Vividness of Visual Imagery and Personality Impact Motor-Imagery Brain Computer Interfaces

Brain-computer interfaces (BCIs) are communication bridges between a human brain and external world, enabling humans to interact with their environment without muscle intervention. Their functionality, therefore, depends on both the BCI system and the cognitive capacities of the user. Motor-imagery...

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Main Authors: Nikki Leeuwis, Alissa Paas, Maryam Alimardani
Format: Article
Language:English
Published: Frontiers Media S.A. 2021-04-01
Series:Frontiers in Human Neuroscience
Subjects:
Online Access:https://www.frontiersin.org/articles/10.3389/fnhum.2021.634748/full
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spelling doaj-c22bde5d25f54bf28ac32c7ba1d9fd582021-04-06T04:14:26ZengFrontiers Media S.A.Frontiers in Human Neuroscience1662-51612021-04-011510.3389/fnhum.2021.634748634748Vividness of Visual Imagery and Personality Impact Motor-Imagery Brain Computer InterfacesNikki LeeuwisAlissa PaasMaryam AlimardaniBrain-computer interfaces (BCIs) are communication bridges between a human brain and external world, enabling humans to interact with their environment without muscle intervention. Their functionality, therefore, depends on both the BCI system and the cognitive capacities of the user. Motor-imagery BCIs (MI-BCI) rely on the users’ mental imagination of body movements. However, not all users have the ability to sufficiently modulate their brain activity for control of a MI-BCI; a problem known as BCI illiteracy or inefficiency. The underlying mechanism of this phenomenon and the cause of such difference among users is yet not fully understood. In this study, we investigated the impact of several cognitive and psychological measures on MI-BCI performance. Fifty-five novice BCI-users participated in a left- versus right-hand motor imagery task. In addition to their BCI classification error rate and demographics, psychological measures including personality factors, affinity for technology, and motivation during the experiment, as well as cognitive measures including visuospatial memory and spatial ability and Vividness of Visual Imagery were collected. Factors that were found to have a significant impact on MI-BCI performance were Vividness of Visual Imagery, and the personality factors of orderliness and autonomy. These findings shed light on individual traits that lead to difficulty in BCI operation and hence can help with early prediction of inefficiency among users to optimize training for them.https://www.frontiersin.org/articles/10.3389/fnhum.2021.634748/fullbrain-computer interfacemotor imageryBCI illiteracyBCI performancecognitive abilitiespersonality traits
collection DOAJ
language English
format Article
sources DOAJ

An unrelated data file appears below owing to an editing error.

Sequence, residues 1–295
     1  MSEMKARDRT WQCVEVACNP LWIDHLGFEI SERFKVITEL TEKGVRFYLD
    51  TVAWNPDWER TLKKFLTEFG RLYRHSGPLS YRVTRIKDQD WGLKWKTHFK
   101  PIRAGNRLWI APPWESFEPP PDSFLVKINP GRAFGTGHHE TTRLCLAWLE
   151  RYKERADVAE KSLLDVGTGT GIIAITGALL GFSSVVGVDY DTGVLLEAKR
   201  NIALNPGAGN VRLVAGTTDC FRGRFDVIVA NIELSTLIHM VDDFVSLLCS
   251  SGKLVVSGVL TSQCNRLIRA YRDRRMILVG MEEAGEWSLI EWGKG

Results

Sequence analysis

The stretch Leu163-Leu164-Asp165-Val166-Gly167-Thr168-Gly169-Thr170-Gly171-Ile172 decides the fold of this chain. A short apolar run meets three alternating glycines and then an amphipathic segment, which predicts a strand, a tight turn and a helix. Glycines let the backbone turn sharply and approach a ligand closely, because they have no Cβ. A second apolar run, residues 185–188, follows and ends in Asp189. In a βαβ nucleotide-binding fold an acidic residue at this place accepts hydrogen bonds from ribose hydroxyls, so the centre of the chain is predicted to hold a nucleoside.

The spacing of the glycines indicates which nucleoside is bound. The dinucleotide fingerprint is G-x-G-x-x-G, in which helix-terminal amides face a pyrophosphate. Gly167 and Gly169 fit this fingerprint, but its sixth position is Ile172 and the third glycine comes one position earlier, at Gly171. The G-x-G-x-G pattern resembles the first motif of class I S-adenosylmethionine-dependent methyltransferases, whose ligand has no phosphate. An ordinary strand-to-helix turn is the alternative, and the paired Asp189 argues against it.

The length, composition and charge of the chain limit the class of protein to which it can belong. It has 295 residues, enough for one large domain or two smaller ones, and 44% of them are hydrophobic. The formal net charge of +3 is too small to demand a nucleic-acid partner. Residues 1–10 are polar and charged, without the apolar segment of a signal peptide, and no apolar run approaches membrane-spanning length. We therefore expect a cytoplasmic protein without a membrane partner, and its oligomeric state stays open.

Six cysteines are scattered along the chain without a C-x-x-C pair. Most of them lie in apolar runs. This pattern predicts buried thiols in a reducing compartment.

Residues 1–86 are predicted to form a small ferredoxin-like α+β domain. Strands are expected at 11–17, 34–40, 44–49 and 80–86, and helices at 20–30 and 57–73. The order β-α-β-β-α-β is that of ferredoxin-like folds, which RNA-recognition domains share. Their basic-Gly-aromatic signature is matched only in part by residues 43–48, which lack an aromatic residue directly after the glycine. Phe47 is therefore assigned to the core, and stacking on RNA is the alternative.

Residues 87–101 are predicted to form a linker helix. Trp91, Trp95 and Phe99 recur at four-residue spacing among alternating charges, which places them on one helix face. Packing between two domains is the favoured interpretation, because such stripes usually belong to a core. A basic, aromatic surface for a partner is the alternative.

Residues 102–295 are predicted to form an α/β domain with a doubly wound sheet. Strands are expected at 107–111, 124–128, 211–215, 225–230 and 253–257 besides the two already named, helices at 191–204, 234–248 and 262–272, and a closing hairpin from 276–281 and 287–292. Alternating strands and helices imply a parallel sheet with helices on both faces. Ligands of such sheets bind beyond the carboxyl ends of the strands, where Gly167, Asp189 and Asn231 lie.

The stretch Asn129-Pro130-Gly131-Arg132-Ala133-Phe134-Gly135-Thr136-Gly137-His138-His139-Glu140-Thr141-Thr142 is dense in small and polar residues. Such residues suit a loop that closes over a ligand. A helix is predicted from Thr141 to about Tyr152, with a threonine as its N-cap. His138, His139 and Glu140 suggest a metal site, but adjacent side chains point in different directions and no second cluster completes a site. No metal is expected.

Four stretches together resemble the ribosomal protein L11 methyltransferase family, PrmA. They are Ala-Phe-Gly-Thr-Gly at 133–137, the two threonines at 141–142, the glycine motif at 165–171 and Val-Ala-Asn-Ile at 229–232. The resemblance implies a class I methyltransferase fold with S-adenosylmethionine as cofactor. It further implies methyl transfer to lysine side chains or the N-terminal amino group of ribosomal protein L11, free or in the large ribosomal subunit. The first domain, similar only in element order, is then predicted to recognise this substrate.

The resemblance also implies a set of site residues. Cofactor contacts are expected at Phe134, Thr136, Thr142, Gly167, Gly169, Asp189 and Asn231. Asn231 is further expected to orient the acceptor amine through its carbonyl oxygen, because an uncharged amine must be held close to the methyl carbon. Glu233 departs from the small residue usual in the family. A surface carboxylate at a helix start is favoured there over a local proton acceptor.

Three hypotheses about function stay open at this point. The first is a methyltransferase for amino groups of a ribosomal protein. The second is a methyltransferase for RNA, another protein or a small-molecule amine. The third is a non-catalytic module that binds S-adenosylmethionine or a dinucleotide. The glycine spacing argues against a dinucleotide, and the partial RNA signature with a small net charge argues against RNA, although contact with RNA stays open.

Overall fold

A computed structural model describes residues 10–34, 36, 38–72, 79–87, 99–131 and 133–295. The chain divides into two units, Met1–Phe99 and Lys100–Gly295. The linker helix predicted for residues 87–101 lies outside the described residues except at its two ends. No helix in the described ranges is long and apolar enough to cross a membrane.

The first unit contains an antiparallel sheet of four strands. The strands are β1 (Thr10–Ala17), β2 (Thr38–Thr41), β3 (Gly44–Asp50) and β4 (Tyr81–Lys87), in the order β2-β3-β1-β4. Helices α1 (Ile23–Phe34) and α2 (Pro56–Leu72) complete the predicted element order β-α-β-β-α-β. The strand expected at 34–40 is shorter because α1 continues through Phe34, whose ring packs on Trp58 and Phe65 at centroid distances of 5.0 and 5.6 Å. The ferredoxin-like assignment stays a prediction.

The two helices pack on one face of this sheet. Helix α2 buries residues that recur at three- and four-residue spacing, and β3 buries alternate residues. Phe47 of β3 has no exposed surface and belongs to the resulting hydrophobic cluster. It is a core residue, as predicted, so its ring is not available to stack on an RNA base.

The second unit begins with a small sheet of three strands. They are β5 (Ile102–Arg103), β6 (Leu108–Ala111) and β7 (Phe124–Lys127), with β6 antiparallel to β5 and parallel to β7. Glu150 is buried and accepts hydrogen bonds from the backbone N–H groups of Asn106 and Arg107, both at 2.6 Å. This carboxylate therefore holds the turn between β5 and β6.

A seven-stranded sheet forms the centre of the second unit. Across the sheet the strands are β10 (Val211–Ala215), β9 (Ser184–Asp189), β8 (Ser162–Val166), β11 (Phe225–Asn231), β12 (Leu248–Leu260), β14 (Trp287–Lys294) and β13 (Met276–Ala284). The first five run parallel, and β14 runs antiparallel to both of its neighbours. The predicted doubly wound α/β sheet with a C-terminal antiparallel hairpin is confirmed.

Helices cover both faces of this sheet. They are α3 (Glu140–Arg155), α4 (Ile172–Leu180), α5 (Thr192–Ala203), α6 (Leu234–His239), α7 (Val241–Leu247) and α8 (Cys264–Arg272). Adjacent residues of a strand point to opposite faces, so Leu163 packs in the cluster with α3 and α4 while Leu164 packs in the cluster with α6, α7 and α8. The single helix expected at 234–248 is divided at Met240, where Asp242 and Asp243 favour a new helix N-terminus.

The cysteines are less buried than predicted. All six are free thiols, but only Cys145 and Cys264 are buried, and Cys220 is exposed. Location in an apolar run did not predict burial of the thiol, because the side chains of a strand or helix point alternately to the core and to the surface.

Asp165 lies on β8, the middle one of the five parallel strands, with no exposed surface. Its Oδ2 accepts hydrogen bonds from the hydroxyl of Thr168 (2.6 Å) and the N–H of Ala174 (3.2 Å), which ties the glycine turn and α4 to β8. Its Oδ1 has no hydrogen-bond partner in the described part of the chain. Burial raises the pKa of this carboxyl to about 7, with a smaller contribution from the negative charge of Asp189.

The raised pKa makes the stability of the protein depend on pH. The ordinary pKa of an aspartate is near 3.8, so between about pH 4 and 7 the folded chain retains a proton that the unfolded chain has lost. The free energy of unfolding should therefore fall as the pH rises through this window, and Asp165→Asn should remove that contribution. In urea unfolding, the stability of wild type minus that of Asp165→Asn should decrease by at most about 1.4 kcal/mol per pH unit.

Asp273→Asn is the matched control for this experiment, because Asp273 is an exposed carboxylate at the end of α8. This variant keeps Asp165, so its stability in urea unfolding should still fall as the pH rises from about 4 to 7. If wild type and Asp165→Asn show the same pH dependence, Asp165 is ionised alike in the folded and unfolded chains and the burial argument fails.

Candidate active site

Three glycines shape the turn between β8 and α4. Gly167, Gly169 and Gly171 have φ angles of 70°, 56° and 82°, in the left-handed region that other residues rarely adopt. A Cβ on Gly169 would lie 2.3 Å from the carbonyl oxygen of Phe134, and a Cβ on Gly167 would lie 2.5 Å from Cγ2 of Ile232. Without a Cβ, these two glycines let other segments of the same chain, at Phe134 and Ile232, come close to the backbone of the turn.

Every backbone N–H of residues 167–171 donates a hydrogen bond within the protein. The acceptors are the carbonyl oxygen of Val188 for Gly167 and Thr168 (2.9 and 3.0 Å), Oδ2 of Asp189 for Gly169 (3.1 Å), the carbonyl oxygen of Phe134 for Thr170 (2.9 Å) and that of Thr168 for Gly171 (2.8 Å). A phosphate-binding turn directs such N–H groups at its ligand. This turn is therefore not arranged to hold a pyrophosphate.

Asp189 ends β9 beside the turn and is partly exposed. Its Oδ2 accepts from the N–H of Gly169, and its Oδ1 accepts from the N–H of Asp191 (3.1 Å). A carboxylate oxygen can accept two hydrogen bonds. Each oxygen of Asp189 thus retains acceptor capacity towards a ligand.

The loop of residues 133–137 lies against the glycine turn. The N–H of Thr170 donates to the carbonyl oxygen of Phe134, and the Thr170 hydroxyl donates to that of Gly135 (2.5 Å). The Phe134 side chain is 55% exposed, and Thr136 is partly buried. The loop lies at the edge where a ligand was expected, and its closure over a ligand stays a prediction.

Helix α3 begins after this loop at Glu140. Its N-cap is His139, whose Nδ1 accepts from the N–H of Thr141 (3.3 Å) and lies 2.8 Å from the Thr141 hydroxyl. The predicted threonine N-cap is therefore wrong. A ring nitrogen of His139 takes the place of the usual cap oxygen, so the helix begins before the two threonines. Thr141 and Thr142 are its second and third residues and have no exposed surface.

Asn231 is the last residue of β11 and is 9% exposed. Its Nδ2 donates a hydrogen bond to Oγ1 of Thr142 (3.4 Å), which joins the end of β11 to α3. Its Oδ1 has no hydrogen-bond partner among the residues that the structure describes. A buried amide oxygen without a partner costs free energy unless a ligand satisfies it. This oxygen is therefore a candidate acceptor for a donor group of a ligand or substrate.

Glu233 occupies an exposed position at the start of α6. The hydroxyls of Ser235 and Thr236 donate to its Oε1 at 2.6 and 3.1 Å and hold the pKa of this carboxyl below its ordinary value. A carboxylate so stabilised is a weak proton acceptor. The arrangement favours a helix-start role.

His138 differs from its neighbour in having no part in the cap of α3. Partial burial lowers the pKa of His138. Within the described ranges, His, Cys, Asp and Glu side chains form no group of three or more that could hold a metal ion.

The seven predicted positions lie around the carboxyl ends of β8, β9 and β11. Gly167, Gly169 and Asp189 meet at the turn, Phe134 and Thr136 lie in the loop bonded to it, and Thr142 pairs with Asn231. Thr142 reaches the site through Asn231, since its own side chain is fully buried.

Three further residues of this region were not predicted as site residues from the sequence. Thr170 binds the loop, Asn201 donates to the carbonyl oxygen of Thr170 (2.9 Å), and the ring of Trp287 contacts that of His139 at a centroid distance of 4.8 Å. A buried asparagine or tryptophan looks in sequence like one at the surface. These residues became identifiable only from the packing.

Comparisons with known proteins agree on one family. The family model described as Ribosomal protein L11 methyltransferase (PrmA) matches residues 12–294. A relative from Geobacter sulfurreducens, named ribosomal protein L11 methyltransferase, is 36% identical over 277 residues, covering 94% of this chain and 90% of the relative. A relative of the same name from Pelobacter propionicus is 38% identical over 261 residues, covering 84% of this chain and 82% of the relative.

author Nikki Leeuwis
Alissa Paas
Maryam Alimardani
spellingShingle Nikki Leeuwis
Alissa Paas
Maryam Alimardani
Vividness of Visual Imagery and Personality Impact Motor-Imagery Brain Computer Interfaces
Frontiers in Human Neuroscience
brain-computer interface
motor imagery
BCI illiteracy
BCI performance
cognitive abilities
personality traits
author_facet Nikki Leeuwis
Alissa Paas
Maryam Alimardani
author_sort Nikki Leeuwis
title Vividness of Visual Imagery and Personality Impact Motor-Imagery Brain Computer Interfaces
title_short Vividness of Visual Imagery and Personality Impact Motor-Imagery Brain Computer Interfaces
title_full Vividness of Visual Imagery and Personality Impact Motor-Imagery Brain Computer Interfaces
title_fullStr Vividness of Visual Imagery and Personality Impact Motor-Imagery Brain Computer Interfaces
title_full_unstemmed Vividness of Visual Imagery and Personality Impact Motor-Imagery Brain Computer Interfaces
title_sort vividness of visual imagery and personality impact motor-imagery brain computer interfaces
publisher Frontiers Media S.A.
series Frontiers in Human Neuroscience
issn 1662-5161
publishDate 2021-04-01
description Brain-computer interfaces (BCIs) are communication bridges between a human brain and external world, enabling humans to interact with their environment without muscle intervention. Their functionality, therefore, depends on both the BCI system and the cognitive capacities of the user. Motor-imagery BCIs (MI-BCI) rely on the users’ mental imagination of body movements. However, not all users have the ability to sufficiently modulate their brain activity for control of a MI-BCI; a problem known as BCI illiteracy or inefficiency. The underlying mechanism of this phenomenon and the cause of such difference among users is yet not fully understood. In this study, we investigated the impact of several cognitive and psychological measures on MI-BCI performance. Fifty-five novice BCI-users participated in a left- versus right-hand motor imagery task. In addition to their BCI classification error rate and demographics, psychological measures including personality factors, affinity for technology, and motivation during the experiment, as well as cognitive measures including visuospatial memory and spatial ability and Vividness of Visual Imagery were collected. Factors that were found to have a significant impact on MI-BCI performance were Vividness of Visual Imagery, and the personality factors of orderliness and autonomy. These findings shed light on individual traits that lead to difficulty in BCI operation and hence can help with early prediction of inefficiency among users to optimize training for them.
topic brain-computer interface
motor imagery
BCI illiteracy
BCI performance
cognitive abilities
personality traits
url https://www.frontiersin.org/articles/10.3389/fnhum.2021.634748/full
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